Two species of sage are commonly used in food and for homeopathic medicine: common sage (Salvia officinalis) and Spanish sage (Salvia lavandulaefolia). It is an evergreen member of the mint family of plants. Usage of sage for a variety of things has been popular for thousands of years.
Health Benefits and Side Effects
Sage has been used for a long time to help with a variety of medical issues, including:
- Digestive problems such as appetite loss, bloating, diarrhea, gas, heartburn, and stomach upset,
- High cholesterol,
- Excess saliva and perspiration,
- Dental issues, including cavity prevention,
- Brain blood flow,
- Pain reduction (after surgery),
- Cancer prevention,
- Menstrual pain,
- Reduction of excess milk during breastfeeding,
- Reduction of hot flashes during menopause for women and prostate cancer treatment for men,
- Topically for cold sores and sore or swollen mouth, throat, tongue, nasal passages, and tonsils, and to treat sunburn,
- Inhaled for asthma,
- Aromatherapy for brain performance and memory improvement.
Sage essential oil may also be used to achieve these effects, by ingesting or inhaling.
If a person is allergic to plants in the mint family, they may also have a reaction to sage. It has a chemical called thujone that, if taken in excess, can cause liver damage, seizures, and damage to the nervous system; this is unlikely to be an issue unless sage is taken in large amounts for an extended period of time. It is better to avoid using it as a supplement when pregnant or nursing, but as a food flavor additive, it is safe.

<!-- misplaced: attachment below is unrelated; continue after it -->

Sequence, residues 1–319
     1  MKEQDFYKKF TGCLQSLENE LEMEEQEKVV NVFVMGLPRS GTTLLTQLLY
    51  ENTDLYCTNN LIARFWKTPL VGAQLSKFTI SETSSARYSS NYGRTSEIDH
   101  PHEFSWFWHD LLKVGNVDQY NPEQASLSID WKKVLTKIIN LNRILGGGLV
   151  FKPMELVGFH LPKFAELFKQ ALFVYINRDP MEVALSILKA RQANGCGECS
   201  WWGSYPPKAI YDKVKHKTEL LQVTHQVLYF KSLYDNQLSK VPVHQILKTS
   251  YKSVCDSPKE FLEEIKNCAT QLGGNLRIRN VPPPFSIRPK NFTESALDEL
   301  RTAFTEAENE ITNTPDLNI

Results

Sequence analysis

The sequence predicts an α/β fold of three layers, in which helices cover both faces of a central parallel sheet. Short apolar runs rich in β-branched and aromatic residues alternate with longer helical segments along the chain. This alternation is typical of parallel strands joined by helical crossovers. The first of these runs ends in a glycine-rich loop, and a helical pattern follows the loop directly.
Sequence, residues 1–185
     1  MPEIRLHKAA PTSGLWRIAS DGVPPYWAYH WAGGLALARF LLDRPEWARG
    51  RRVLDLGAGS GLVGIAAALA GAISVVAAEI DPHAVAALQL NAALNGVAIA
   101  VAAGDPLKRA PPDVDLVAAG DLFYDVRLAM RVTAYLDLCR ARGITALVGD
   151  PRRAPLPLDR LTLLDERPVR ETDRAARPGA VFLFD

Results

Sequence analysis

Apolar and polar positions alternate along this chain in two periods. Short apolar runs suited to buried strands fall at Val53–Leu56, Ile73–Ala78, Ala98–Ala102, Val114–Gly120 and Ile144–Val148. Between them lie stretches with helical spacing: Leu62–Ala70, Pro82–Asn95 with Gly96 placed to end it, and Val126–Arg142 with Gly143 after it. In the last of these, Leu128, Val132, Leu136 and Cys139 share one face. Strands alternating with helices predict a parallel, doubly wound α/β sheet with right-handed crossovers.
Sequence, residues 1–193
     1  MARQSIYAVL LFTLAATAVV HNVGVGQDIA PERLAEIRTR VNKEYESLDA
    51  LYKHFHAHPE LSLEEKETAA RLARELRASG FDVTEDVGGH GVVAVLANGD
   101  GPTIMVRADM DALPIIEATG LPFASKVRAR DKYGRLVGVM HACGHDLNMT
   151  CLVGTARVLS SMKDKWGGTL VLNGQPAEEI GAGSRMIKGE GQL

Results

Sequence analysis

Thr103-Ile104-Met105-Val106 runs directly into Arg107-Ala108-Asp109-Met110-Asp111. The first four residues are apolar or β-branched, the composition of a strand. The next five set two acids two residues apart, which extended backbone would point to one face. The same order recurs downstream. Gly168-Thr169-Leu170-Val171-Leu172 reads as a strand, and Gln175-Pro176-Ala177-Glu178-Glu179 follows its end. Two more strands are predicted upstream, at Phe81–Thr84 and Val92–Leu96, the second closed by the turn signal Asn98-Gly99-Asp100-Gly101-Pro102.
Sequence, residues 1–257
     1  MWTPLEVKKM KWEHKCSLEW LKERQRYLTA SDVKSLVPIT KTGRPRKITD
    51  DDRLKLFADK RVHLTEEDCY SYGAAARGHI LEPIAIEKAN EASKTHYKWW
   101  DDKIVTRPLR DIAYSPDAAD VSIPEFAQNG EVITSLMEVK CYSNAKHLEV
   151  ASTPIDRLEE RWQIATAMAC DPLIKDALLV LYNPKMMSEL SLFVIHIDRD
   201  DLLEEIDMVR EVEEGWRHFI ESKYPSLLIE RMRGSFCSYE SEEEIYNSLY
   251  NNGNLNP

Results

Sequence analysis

Food and Nutrition
1 teaspoon of sage (about .7g) provides about 2 calories, a tiny bit of protein, .4g carbohydrates, .1g fat, and vitamins A, B6, C, E, and K, iron, calcium, and manganese, magnesium, zinc, and copper. It also is rich in antioxidants – over 160 polyphenols.
Sage can be used fresh or dried; in either case, it is wise to start with a little because it has a strong flavor. More can be added as needed, but it is difficult to remove it if too much is added at first. It goes well with fatty recipes and is likely to aid in the digestion of such a meal.
Some of the foods that work well with sage include apple, beans, cheese, chicken, duck, eggplant, eggs, fish, goose, liver, peas, pesto, pork, ravioli, roasts, sausage, stuffing, tomatoes, tuna, turkey, and veal. Many poultry recipes include sage as one of the primary seasonings. It is often combined with other herbs, including parsley, rosemary, thyme, marjoram, and oregano, and it goes well with garlic and onion.
Sage essential oils should not be used in cooking; they are much too strong.
Sage makes a very nice tea. It is soothing to a sore throat and offers health benefits at the same time.
It is believed that sage’s chemical compounds and antioxidants can aid in skin care, offering anti-aging and protection to skin cells when applied topically. It can tone oily skin and regulate oil production. It has an antibacterial effect to help skin infections to heal and to treat psoriasis and eczema.